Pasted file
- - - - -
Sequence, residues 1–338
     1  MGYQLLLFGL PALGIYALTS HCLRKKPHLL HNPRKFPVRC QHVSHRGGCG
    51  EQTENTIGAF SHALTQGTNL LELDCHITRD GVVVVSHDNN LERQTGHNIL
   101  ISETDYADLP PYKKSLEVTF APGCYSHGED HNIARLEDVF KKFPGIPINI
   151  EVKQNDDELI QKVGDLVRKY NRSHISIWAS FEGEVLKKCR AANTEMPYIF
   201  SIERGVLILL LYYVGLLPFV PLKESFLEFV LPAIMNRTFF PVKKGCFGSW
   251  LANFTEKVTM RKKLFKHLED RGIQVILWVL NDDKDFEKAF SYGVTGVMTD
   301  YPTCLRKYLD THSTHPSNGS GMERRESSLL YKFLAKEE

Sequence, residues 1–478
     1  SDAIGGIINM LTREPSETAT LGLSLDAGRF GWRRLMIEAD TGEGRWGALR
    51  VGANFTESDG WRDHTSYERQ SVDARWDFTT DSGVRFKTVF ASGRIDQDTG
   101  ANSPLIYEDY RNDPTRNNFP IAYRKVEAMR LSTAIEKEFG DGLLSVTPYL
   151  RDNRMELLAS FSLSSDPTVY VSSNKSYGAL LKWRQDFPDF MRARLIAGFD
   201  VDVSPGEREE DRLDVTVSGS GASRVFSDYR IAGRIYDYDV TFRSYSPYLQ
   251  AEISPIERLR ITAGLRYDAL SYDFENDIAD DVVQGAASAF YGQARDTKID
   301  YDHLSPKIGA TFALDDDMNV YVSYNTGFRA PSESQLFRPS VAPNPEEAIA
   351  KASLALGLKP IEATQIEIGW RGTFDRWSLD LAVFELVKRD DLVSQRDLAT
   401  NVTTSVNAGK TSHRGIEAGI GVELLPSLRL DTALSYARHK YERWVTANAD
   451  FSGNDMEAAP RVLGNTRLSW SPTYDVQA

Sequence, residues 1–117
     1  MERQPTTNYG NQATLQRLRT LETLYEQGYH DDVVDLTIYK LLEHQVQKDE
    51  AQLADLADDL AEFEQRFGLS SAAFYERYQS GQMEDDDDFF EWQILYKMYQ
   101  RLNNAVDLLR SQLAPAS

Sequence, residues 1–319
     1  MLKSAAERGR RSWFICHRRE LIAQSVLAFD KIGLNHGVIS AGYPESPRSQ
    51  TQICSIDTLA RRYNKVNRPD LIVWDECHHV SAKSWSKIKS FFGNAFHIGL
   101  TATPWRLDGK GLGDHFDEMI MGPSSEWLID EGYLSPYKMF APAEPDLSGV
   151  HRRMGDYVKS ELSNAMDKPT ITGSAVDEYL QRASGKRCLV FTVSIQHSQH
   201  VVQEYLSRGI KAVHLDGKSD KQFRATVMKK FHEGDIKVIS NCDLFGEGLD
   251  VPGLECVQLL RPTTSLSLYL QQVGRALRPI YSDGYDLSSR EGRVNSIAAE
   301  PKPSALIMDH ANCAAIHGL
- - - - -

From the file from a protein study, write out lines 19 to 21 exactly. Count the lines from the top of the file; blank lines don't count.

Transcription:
   451  FSGNDMEAAP RVLGNTRLSW SPTYDVQA

Sequence, residues 1–117
     1  MERQPTTNYG NQATLQRLRT LETLYEQGYH DDVVDLTIYK LLEHQVQKDE